Expanding the scope of environmental risk assessment to better include differential vulnerability and susceptibility

Joel Schwartz, David Bellinger, Thomas Glass

Research output: Contribution to journalArticlepeer-review

Abstract

The central paradigm of the Environmental Protection Agency is risk assessment. We examined how differential responses across population groups could be better integrated into the environmental risk assessment process, providing tools to achieve greater equity in health status in addition to risk reduction. Such integration was difficult with paradigms like reference dose and was easier with consideration of dose-response curves, which incorporated nontrivial effects observed at low doses for common exposures. We identified 6 assumptions implicit in standard chemical risk assessments that should changed: (1) risk independence, (2) risk averaging, (3) risk nontransferability, (4) risk synchrony, (5) risk accumulation and chaining, and (6) quantification of numbers of persons above certain thresholds or limit values sufficient to characterize risk.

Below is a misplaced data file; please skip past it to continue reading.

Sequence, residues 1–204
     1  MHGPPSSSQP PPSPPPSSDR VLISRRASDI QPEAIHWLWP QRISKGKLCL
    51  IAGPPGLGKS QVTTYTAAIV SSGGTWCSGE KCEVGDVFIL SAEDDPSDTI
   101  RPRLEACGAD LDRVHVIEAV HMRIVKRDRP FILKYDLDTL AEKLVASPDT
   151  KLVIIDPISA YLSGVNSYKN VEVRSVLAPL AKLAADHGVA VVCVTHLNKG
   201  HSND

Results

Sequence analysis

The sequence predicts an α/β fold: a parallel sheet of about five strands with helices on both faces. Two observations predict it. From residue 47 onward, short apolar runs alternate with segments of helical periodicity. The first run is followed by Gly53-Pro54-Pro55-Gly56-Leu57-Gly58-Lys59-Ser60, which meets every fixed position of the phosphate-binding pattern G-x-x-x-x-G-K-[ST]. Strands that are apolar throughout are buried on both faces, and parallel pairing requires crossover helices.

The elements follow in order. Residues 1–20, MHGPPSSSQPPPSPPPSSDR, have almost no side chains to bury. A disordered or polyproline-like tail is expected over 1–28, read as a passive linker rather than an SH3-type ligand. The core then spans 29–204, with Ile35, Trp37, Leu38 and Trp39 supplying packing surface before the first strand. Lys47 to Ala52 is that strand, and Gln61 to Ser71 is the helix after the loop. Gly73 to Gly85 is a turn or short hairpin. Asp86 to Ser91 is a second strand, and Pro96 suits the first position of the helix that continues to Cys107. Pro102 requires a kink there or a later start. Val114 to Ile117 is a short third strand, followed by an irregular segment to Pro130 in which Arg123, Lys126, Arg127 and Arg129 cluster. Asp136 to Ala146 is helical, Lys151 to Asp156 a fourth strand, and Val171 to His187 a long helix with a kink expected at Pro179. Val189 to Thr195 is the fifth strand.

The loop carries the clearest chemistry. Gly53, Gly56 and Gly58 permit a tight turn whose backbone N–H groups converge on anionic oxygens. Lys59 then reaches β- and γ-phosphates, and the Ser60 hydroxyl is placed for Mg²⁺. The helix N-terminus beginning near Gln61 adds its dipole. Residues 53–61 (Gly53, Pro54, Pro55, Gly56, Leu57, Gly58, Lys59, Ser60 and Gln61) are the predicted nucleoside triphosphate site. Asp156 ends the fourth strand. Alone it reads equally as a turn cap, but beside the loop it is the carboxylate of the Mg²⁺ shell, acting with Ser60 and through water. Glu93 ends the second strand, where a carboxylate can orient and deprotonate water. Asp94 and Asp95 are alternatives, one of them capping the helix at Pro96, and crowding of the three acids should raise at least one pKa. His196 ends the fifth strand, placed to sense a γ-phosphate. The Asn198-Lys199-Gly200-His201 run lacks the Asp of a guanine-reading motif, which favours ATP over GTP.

Original languageEnglish (US)
Pages (from-to)S88-S93
JournalAmerican journal of public health
Volume101
Issue numberSUPPL. 1
DOIs
StatePublished - Dec 1 2011

ASJC Scopus subject areas

  • Public Health, Environmental and Occupational Health

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